An employee opened fire Wednesday at one of the nation's largest breweries in Milwaukee, killing five fellow workers before taking his own life, police said. The assailant who attacked the Molson Coors complex was identified as a Milwaukee man who died of a self-inflicted gunshot wound.
"There were five individuals who went to work today, just like everybody goes to work, and they thought they were going to go to work, finish their day, and return to their families. They didn’t – and tragically they never will," Milwaukee Mayor Tom Barrett said.
Authorities offered no immediate motive for the attack and did not release details about the shooter or how the shooting unfolded.
The Milwaukee shooting comes at a time when many states are revisiting gun control and Second Amendment issues.
- New Mexico Gov. Michelle Lujan Grisham signed a red-flag gun bill Tuesday that will allow state district courts to order the temporary surrender of firearms, and she urged sheriffs to resign if they refuse to enforce it.
- The Virginia Senate voted Wednesday to advance two pieces of Gov. Ralph Northam's proposed gun-control measures after previously rejecting them. They would require gun owners to report to police any lost or stolen firearms and to toughen the penalty for leaving a loaded, unsecured firearm in a reckless manner that endangers a child.
- New Hampshire legislature has been working this month on bills that impose a three-day waiting period between the purchase and delivery of a gun and require background checks for commercial gun sales. On Tuesday, The House Criminal Justice and Public Safety Committee heard emotional testimonies on a bill that would allow state agencies to destroy weapons voluntarily surrendered by the public.
- Arizona's most populous county on Wednesday joined a growing national movement of self-declared "Second Amendment Sanctuaries," which proclaim support for gun ownership rights.
President Donald Trump addressed the Milwaukee shooting before speaking at the White House Wednesday.
"Our hearts break for them and their loved ones," the president said. "We send our condolences. We’ll be with them, and it’s a terrible thing, a terrible thing."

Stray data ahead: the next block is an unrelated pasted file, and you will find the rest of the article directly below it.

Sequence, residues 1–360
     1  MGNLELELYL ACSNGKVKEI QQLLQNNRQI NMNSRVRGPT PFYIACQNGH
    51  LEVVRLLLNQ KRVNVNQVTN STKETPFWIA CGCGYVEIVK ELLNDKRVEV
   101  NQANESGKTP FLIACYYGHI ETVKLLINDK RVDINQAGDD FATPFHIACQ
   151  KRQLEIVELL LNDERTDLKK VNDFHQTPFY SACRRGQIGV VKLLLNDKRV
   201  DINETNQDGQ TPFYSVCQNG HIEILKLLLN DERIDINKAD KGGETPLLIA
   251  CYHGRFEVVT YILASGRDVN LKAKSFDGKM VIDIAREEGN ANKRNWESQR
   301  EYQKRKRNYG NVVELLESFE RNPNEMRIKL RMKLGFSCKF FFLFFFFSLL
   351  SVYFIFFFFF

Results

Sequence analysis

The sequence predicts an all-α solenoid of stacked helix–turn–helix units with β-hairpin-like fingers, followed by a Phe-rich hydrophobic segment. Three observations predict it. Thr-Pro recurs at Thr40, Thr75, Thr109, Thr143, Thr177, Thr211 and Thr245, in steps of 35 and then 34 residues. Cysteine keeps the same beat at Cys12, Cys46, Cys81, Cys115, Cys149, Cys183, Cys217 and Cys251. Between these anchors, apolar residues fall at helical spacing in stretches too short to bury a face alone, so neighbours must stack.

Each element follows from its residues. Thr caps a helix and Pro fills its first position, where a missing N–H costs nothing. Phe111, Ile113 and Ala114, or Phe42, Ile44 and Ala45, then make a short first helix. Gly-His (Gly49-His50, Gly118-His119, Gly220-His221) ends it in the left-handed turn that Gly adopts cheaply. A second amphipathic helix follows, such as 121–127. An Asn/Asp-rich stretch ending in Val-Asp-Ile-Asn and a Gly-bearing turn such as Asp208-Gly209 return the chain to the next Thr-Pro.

The attack occurred at a sprawling complex that includes a mix of corporate offices and brewing facilities. The complex is widely known in the Milwaukee area as "Miller Valley," a reference to the Miller Brewing Co. that is now part of Molson Coors.
"Unfortunately, I am devastated to share that we lost five other members of our family in this tragic incident," Molson Coors CEO Gavin Hattersley said in an email sent to employees. "There are no words to express the deep sadness many of us are feeling right now."
He said the office would be closed the rest of the week and the brewery shuttered "for the time being" to give people time to cope.
Before Wednesday's shooting, there had been three mass killings nationwide in 2020, with 12 total victims. All have been shootings. In 2019, there were 44 mass killings, with 224 total victims. The Associated Press/USA TODAY/Northeastern University Mass Killings database tracks all U.S. homicides since 2006 involving four or more people killed, not including the offender, over 24 hours regardless of weapon, location, victim-offender relationship, or motive.
The last mass shooting in the Milwaukee area was in August 2012, when white supremacist Wade Michael Page fatally shot six people and wounded four others at a Sikh temple in suburban Oak Creek. Mr. Page killed himself after being wounded in a shootout with police. The worst mass shooting in the area in the past 20 years was in 2005, when seven people were killed and four wounded at a church service in Brookfield, a Milwaukee suburb. The shooter killed himself.
Shortly before word of the brewery shooting broke, Wisconsin Republican Senate Majority Leader Scott Fitzgerald told reporters in suburban Franklin that state gun laws would not be changing despite a push by Gov. Tony Evers, a Democrat, to do so, according to a report in the Milwaukee Journal Sentinel.
Mr. Evers called lawmakers into special session late last year to consider expanding background checks and allowing guns to be taken from people deemed a threat. But the Republican-controlled Legislature adjourned without action. Mr. Fitzgerald later called the shootings "an act of evil," the Journal Sentinel reported.
At a news conference outside Molson Coors, Lt. Gov. Mandela Barnes said, "We shouldn’t accept this." He took up the issue later on social media, tweeting: "Another avoidable uniquely American tragedy. It’s not normal, we should never accept it, and we should never relent when 'leaders' offer hollow thoughts and prayers but choose inaction."
This story was reported by The Associated Press. AP writers Dave Kolpack in Fargo, North Dakota; Meghan Hoyer in Washington; Scott Bauer and Todd Richmond in Madison, Wisconsin; Amy Forliti and Tim Sullivan in Minneapolis; Terry Tang in Phoenix, Arizona; Morgan Lee in Santa Fe, New Mexico; and Holly Ramer in Concord, New Hampshire contributed to this report.